Sometime I am reading a book and so enjoy the story that a sense of wonder comes over me. This can cause me to step back from the story itself and admire the skill of the author. How the world and characters created have developed a life of their own that you can become caught up in. There is wonder at the creative imagination that can pull this off. Despite the meta-nature of such analysis while reading a story it does cause you to depart from the story. Just come to appreciate it more at a deeper level. There is a sense of gratitudes for the skills of the author.
The last time I was caught up in such a feeling I stepped back further in my mind and reflected on a related subject. Why is it that I am so seldom caught up in the same sense of wonder regarding creation and grateful for all God has given us? Talk about world-building, God pretty much nailed that. Universe-building, creation-building, if you see something he made it. Contractors complain about substandard building materials and yet God used nothing to create everything.
I have been trying to develop a sense of wonder and gratitude towards God and his creation. Too much of my life has been like the man who walks into an art gallery admiring all the paintings and walks right past the artist who painted them, not even seeing him. Admiring creation, but not the creator. You can’t really artificially create this wonder and gratitude. You have to actually notice the world around you and contemplate the reality. To stop and smell the roses and notice the scent, the actuality of roses, the ground they are planted in, the medium of the air, the light we can see them by, and so on and so forth.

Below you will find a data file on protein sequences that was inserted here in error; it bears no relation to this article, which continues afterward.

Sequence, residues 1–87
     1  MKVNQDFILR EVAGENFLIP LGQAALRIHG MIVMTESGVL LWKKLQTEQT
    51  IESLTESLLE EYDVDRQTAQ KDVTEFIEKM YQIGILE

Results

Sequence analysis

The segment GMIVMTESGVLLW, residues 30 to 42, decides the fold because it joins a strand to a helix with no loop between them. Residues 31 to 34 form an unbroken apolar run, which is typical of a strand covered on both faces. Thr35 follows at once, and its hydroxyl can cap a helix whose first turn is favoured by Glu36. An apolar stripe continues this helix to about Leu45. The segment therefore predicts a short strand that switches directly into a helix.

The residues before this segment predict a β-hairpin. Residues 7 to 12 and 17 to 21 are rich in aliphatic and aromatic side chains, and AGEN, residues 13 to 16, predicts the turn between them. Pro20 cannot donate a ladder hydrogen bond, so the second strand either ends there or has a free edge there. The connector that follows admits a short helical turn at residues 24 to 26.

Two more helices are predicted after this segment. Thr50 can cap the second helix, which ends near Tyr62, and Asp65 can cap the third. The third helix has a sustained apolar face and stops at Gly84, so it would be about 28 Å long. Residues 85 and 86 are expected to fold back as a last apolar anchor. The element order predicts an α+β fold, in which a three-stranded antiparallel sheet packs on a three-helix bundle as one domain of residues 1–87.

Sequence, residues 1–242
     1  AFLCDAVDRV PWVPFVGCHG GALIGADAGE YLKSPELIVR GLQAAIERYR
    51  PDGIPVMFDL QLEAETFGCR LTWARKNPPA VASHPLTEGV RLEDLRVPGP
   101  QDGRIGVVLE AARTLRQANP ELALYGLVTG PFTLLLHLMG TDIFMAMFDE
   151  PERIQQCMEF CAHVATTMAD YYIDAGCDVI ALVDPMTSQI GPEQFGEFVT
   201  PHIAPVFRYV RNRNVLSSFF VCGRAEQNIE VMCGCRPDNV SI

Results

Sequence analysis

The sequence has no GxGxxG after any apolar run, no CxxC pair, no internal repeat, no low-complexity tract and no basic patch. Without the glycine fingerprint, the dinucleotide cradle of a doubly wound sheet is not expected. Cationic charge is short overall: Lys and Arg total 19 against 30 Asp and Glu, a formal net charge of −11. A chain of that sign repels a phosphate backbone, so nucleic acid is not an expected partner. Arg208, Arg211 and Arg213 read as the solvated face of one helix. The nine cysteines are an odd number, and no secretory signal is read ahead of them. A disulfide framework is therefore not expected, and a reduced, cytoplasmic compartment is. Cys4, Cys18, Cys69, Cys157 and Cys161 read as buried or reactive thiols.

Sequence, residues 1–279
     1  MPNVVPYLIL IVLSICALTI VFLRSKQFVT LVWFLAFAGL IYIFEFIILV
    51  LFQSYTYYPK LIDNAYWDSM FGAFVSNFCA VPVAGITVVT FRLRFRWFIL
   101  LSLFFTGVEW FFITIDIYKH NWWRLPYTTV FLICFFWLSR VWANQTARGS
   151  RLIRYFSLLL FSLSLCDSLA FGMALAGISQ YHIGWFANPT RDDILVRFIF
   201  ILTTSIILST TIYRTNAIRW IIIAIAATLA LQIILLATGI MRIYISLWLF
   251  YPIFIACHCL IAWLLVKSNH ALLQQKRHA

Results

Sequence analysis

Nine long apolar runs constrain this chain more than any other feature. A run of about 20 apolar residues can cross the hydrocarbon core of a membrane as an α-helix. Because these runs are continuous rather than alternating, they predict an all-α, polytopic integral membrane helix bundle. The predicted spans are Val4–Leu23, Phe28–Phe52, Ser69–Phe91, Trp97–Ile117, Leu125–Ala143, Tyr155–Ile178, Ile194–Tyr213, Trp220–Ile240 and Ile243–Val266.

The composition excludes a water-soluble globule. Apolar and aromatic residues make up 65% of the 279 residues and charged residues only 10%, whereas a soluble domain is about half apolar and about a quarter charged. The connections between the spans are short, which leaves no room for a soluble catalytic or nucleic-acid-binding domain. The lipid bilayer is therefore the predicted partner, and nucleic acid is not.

Whenever I read G.K. Chesterton I observe the sense of wonder and gratitude that I desire to emulate. That I see this truth I strive for lived out and expressed.
“When we were children we were grateful to those who filled our stockings at Christmas time. Why are we not grateful to God for filling our stockings with legs?”
“I would maintain that thanks are the highest form of thought, and that gratitude is happiness doubled by wonder.”
“You say grace before meals. All right. But I say grace bef>ore the concert and the opera, and grace before the play and pantomime, and grace before I open a book, and grace before sketching, painting, swimming, fencing, boxing, walking, playing, dancing and grace before I dip the pen in the ink.”
So I admire this in a intellectual sense. Actually living this sense out is another matter. Intellectualizing and not living out my faith is a constant struggle. Still I am thankful for the grace to see my many flaws and can have gratitudes towards even that.